Learning to say “Yes, And…”: A review of God, Improv, and the Art of Living


Post Author: Julie Jensen


I still remember that gathering in a hotel meeting room in Kansas City. The NEXTChuch conference had just ended, and a group of pastors gathered to learn about Improv and how it could impact our ministries. Our speaker was snowed into her hometown, and the leaders began to change their plan. Yes, we were going to improvise a 24-hour workshop on improvisation. Throughout our sessions, as we played and then debriefed, I kept asking for the rulebook, the place where I could read about what we were doing to understand it better. MaryAnn McKibben Dana was one of those facilitators, and she very patiently kept reminding me that she was in the process of writing the book for which I hungered.

When I finished reading the book, it took all I had not to race to the internet and preorder copies for all of my clergy colleagues and church leaders. It was this paragraph that held the book together for me and helped me pivot from “principles of improv” to “heres what it means”:

“The truth is, were not in control of our lives, and the unforeseen happens. Plans fall through. People get sick. Marriages end. The plant closes down. Loved ones die. Our job as improvisers is to use our resources to put together a life in the wake of these things – maybe not the life we had planned, but a good life, a life with dignity, fashioned out of whats on hand.” (p. 119)

How much of ministry, how much of life really, is using our resources to fashion meaning out of what may appear to be chaos? The book is filled with examples of how this happens in workshops, on stage, and in the church. The way this works for those who look at life through an improv lens is saying “yes, and…” This is the key theme in McKibben Danas book. When we say “yes,” we accept the reality of what has been given to us. Be it the character to include in a skit, the terminal diagnosis, the relocation for a job, the burnt breakfast or any other number of circumstances we cannot change, the basics of improv include saying “yes” to the reality in front of us.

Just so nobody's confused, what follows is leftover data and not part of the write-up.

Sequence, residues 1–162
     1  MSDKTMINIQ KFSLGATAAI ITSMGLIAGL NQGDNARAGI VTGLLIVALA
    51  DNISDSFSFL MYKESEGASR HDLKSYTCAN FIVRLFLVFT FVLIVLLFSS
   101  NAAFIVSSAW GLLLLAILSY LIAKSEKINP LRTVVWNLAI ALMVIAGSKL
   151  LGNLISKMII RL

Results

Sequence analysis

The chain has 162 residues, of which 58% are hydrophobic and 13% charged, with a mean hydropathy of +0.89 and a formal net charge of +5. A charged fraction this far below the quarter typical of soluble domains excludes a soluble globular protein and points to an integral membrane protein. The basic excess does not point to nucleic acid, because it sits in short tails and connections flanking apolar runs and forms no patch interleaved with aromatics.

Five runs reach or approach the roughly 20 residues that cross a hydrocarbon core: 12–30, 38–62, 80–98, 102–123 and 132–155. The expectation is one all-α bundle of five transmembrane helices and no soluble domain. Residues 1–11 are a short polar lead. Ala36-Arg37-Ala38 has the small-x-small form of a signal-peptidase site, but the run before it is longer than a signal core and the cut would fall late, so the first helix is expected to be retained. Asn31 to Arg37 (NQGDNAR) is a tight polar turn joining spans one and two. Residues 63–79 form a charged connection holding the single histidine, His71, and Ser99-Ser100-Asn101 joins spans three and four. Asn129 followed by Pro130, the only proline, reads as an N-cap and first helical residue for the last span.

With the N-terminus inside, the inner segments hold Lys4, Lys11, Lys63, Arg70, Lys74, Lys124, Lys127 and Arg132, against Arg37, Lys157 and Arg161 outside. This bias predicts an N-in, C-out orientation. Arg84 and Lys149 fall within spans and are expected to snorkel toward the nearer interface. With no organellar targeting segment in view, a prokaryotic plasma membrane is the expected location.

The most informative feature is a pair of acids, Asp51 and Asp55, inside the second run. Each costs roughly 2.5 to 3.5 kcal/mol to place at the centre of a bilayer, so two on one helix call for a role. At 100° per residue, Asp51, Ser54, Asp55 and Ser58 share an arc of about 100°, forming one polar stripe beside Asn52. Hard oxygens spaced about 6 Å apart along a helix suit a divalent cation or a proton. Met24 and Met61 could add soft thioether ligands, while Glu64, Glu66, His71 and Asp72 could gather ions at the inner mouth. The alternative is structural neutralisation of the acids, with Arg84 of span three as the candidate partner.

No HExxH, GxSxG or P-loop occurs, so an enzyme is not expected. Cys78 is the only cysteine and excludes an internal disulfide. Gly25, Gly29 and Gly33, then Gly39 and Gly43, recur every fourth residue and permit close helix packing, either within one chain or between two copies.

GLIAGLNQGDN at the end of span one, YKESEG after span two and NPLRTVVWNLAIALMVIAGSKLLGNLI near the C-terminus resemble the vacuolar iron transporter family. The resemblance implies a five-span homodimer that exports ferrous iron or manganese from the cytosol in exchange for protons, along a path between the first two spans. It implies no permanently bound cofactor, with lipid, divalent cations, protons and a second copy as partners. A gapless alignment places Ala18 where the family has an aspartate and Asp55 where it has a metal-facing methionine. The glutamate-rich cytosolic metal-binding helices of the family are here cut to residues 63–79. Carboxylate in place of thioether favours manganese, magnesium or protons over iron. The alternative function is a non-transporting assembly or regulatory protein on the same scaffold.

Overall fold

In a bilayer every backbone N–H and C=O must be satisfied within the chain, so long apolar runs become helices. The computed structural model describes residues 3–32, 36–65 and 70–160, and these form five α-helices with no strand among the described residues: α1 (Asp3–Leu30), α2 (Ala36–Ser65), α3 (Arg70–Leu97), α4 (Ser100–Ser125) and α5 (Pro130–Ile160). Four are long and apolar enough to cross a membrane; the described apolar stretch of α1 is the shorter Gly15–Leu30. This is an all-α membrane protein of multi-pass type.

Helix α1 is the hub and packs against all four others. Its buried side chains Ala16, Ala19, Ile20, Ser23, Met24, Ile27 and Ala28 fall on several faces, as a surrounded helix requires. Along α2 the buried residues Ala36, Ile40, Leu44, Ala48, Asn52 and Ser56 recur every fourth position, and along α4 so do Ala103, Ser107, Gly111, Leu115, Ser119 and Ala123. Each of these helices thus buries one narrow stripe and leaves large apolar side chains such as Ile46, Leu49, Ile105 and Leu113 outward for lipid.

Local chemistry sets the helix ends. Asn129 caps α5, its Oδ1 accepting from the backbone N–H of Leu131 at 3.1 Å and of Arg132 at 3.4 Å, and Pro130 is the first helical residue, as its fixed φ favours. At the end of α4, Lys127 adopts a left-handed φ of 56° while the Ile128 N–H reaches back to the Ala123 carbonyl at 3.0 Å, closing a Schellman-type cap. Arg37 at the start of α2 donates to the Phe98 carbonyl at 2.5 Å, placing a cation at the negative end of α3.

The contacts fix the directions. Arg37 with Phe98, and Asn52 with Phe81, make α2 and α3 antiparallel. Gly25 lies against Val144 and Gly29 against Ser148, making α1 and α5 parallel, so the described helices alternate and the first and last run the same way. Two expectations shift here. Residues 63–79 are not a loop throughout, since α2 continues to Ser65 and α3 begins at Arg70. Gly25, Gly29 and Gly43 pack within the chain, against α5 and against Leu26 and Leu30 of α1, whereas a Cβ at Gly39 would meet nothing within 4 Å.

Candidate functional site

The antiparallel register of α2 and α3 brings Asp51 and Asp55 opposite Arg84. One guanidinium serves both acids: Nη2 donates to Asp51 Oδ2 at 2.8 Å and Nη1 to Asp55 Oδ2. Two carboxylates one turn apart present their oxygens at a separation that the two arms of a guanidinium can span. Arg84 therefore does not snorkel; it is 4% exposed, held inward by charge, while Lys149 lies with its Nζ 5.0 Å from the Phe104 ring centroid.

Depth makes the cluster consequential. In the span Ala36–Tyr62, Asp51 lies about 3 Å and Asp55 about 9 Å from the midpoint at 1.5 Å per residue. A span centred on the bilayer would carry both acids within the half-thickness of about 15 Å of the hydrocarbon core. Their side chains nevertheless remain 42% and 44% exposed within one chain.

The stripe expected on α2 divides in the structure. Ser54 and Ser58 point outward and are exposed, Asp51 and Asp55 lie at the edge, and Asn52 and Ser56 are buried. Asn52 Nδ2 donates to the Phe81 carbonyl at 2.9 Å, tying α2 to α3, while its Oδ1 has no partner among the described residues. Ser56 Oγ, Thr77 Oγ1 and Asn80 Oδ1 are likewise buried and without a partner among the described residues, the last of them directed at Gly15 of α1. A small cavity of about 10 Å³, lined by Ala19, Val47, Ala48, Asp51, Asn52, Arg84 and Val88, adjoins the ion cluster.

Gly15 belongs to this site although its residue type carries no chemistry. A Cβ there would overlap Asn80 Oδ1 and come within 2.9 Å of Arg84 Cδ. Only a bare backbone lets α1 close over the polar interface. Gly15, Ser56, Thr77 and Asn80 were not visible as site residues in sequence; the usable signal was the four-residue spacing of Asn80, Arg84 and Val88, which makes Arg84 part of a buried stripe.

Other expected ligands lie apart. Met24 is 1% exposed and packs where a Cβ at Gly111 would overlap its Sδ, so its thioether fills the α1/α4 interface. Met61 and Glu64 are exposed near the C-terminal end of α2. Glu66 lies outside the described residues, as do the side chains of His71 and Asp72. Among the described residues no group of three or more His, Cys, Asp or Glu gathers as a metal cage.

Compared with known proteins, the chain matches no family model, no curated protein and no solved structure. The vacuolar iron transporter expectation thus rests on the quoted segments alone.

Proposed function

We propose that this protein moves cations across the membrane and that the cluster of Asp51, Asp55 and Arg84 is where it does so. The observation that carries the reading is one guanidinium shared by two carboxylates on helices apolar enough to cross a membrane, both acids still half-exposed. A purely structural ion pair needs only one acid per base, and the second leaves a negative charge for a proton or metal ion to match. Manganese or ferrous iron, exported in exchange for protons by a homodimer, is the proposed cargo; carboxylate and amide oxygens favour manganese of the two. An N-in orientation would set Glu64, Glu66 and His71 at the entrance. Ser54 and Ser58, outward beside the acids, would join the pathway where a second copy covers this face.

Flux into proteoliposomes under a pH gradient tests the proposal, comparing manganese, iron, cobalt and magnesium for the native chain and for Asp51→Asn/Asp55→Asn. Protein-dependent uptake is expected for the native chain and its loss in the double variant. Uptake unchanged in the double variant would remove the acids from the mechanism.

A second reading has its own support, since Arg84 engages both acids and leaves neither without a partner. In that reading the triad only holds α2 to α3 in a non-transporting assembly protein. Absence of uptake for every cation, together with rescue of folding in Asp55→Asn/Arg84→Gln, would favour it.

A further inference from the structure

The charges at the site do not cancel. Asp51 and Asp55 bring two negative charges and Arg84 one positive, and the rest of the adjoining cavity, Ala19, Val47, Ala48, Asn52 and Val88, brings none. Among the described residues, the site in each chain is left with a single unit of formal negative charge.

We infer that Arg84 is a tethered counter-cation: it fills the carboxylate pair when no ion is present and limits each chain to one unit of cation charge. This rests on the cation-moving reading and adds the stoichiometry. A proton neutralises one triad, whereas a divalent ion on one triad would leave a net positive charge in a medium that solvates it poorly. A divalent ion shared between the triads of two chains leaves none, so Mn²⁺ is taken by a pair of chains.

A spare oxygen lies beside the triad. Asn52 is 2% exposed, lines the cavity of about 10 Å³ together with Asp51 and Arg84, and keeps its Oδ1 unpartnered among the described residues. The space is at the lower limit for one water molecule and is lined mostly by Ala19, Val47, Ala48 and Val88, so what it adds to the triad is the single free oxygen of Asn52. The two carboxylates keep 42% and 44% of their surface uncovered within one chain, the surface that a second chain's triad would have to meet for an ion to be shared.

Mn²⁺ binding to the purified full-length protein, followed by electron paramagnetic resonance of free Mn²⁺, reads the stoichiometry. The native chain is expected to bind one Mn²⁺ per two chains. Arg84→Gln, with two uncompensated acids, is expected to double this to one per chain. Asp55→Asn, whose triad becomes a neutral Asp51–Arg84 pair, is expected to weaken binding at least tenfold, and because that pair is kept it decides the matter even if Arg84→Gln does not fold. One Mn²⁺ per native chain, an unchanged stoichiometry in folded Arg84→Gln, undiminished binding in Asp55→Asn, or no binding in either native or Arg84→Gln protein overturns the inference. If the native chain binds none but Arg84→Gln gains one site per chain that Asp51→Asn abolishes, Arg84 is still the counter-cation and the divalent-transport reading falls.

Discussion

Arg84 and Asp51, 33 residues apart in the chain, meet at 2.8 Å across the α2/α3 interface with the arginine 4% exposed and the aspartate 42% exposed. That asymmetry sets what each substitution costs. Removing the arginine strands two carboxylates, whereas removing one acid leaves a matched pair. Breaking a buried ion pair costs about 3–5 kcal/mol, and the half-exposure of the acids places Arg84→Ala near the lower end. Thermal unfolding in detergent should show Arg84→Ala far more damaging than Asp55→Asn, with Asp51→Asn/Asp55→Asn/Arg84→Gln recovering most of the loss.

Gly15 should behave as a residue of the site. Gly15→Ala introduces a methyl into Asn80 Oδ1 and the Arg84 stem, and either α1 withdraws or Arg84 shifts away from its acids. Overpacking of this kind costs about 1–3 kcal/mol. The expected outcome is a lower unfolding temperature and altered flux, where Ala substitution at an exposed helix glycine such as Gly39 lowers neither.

The response to yes is then, “and.” So often when we face realities, we shut down options by saying “but.” Living life improvisationally requires us to build upon what is there, not to shut it down. Saying “we need to replace the roof, but we cant afford it” shuts down the options of replacing the roof; saying “and” instead gives us permission to dream about other alternatives. As a result of reading this book, I have become more aware of how often I use the word “but” in written communication, and how often “and” is a much better replacement. Saying “I cant met Tuesday and lets look at other dates” extends an invitation to look at other ideas.

This is not only a book about playing games and replacing “but” with “and.” The theology McKibben Dana weaves through is solid. She describes a heart-wrenching pastoral care event that involved having to say “yes, and” to the worst things parents could imagine, and trying to figure out where God was in the midst of that. She describes Jesus as a master of improvisation, and encourages us to seek out Gods “and” in scripture. There are no trite or easy answers offered to life’s hard questions – only invitations to seek out Gods “and” and to fight back with beauty, among other options.

As someone who loves a good list, and almost always has a plan C just in case A and B dont work, it was an interesting experiment to live into the words on the page. I could see using this as a book for church leaders to read, and then using the exercises provided to build trust and play together. There is potential to change how church leadership makes decisions and engages in conversation. Playing these games opens up opportunities to talk about communication, trust, and moving forward in uncertain times together. This is the book I wish I had to use with a session when I served as their Transitional (Interim) Pastor.

This was a book worth waiting for, and well worth buying for church leaders or those in any type of leadership. Yes, it is about God, and (not but!) it is also about us. Dont just put it on a shelf – read it together, play the games together, and see if you notice any changes in yourself or your congregation as a result.


Rev. Julie Jensen is the Associate Pastor at First Presbyterian Church in Fernandina Beach, Florida. After almost 12 years of Ordained Ministry in the PC(USA) she believes that ministry is, in fact, improvisational even on the days when there is a plan. As an alumna of YCWI, she is grateful every day for the ways this group helped form her as a minister, as well as the friends and colleagues she made along the way. In her down time, Julie is a runner (or working up to being one), enjoys cooking, and reading on the beach. In fact, when she read this book, she was so engrossed she forgot to reapply her sunscreen and got sunburnt.


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